In addition to the sulforaphane and the inert medication, caregivers and doctors were given Aberrant Behavior Checklists, Social Re-sponsive Scales, and Clinical Global Impression Improvement Scales. These tools for measurement assessed sociability, communication skills, sensory issues, abnormal behaviors and the ability to relate to others [2].
The results indicated that after 18 weeks of observation, 46% of the patients whose behavior was measured with the Clinical Global Impression Improvement Scale and who received the sulforaphane showed significant improvements in their social interactions. In addition, 42% of participants who were assessed with the CGI-I and received the treatment showed vast improvements in verbal communication. The data also suggest that 54% of participants who were evaluated using the CGI-I and received the treatment showed substantial reductions in abnormal behavior [4].
Most of the individuals who took the dietary supplement showed improvements after the first 4 weeks. These improvements were insignificant according to the Aberrant Behavior Checklist and Social Responsiveness Scale. The results from both assessments suggest that the treatment group and the control group showed no variance in their scores. Four weeks after the administering of sulforaphane was discontinued autism symptoms returned to pretreatment levels [5].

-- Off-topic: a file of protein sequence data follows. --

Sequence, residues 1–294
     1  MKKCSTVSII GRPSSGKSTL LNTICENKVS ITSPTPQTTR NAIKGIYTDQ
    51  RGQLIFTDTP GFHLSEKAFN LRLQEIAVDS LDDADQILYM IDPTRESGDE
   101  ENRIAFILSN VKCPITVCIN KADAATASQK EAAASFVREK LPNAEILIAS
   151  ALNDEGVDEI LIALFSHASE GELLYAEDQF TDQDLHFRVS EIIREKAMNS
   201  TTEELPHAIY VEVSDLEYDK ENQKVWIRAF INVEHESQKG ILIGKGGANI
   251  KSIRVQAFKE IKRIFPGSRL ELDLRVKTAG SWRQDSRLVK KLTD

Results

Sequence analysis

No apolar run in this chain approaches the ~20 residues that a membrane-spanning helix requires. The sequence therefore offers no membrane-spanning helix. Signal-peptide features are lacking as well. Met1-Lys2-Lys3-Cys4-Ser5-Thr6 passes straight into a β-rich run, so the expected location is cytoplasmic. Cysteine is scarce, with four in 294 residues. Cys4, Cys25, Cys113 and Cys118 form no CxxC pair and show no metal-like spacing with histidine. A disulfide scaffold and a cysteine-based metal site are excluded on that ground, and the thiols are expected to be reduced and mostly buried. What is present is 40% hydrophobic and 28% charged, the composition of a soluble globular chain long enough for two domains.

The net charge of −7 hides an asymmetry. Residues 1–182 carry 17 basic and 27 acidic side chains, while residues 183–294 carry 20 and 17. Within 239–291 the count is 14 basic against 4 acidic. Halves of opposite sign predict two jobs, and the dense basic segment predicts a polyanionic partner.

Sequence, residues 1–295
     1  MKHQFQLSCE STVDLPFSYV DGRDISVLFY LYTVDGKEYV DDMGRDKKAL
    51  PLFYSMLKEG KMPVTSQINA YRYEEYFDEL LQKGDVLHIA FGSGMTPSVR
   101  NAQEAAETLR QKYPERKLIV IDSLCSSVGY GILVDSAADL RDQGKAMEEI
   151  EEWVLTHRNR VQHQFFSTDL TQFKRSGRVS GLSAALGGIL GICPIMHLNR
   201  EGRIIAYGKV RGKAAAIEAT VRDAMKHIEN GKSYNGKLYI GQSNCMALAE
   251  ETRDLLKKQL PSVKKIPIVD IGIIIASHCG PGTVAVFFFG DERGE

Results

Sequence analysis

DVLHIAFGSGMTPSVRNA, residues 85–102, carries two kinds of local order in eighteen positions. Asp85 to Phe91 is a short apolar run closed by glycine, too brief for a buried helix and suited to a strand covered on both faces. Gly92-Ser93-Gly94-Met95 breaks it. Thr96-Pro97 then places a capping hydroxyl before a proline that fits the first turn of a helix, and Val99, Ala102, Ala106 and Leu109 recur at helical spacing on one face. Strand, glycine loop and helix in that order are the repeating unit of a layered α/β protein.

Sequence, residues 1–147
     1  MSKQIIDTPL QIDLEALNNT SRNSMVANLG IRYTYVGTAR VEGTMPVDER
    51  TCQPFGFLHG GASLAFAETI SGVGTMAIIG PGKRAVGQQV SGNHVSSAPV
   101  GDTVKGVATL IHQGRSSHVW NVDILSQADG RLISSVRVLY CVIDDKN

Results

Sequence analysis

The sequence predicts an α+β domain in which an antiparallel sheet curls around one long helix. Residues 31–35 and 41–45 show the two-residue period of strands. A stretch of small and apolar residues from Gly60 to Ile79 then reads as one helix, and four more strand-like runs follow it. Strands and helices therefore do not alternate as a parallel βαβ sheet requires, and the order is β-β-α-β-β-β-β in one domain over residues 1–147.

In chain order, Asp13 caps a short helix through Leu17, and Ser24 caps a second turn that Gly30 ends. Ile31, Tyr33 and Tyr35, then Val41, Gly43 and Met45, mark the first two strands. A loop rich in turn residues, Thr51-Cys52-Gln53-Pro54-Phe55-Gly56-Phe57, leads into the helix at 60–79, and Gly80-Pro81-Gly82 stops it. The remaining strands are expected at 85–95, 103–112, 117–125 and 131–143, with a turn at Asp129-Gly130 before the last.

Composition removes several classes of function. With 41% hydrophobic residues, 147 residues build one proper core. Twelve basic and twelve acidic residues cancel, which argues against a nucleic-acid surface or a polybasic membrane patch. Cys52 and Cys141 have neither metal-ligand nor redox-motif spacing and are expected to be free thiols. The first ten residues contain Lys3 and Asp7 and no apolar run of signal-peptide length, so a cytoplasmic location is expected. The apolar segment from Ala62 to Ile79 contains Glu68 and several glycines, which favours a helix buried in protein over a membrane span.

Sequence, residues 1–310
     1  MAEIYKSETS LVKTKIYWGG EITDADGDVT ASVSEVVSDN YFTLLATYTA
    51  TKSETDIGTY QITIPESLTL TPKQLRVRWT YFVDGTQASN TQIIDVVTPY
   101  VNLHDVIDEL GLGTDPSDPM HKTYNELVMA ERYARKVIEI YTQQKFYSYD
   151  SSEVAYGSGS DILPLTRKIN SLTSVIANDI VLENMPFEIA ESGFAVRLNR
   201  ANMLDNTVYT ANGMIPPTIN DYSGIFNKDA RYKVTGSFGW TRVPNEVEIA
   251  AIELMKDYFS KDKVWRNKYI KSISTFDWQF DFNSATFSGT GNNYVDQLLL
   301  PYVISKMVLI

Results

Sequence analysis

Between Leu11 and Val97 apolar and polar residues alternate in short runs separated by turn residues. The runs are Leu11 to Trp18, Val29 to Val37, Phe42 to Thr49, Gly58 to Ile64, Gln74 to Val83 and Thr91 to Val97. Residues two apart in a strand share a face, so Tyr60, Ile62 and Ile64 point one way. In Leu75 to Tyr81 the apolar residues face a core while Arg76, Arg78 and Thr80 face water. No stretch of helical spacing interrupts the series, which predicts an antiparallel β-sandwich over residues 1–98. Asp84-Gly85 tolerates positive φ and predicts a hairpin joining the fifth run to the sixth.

The study presented some considerable safety concerns with sulforaphane. Individuals within the treatment group gained more weight than participants in the control group. The pulse rates among participants who took sulforaphane were lower than those in the control group. The increased occurrence of vomiting, aggression, abdominal pain, flatulence, irritability, constipation, diarrhea, fever and headaches were observed in the treatment group. Also, the exacerbation of seasonal allergies was reported in 12-19% of those taking sulforaphane.
Two individuals who participated in the research study and received the treatment suffered from seizures during the trial. Both of the participants in the experimental group had histories of seizures and therefore the seizures cannot be conclusively attributed to the treatment. No subjects from the control group had seizures [2].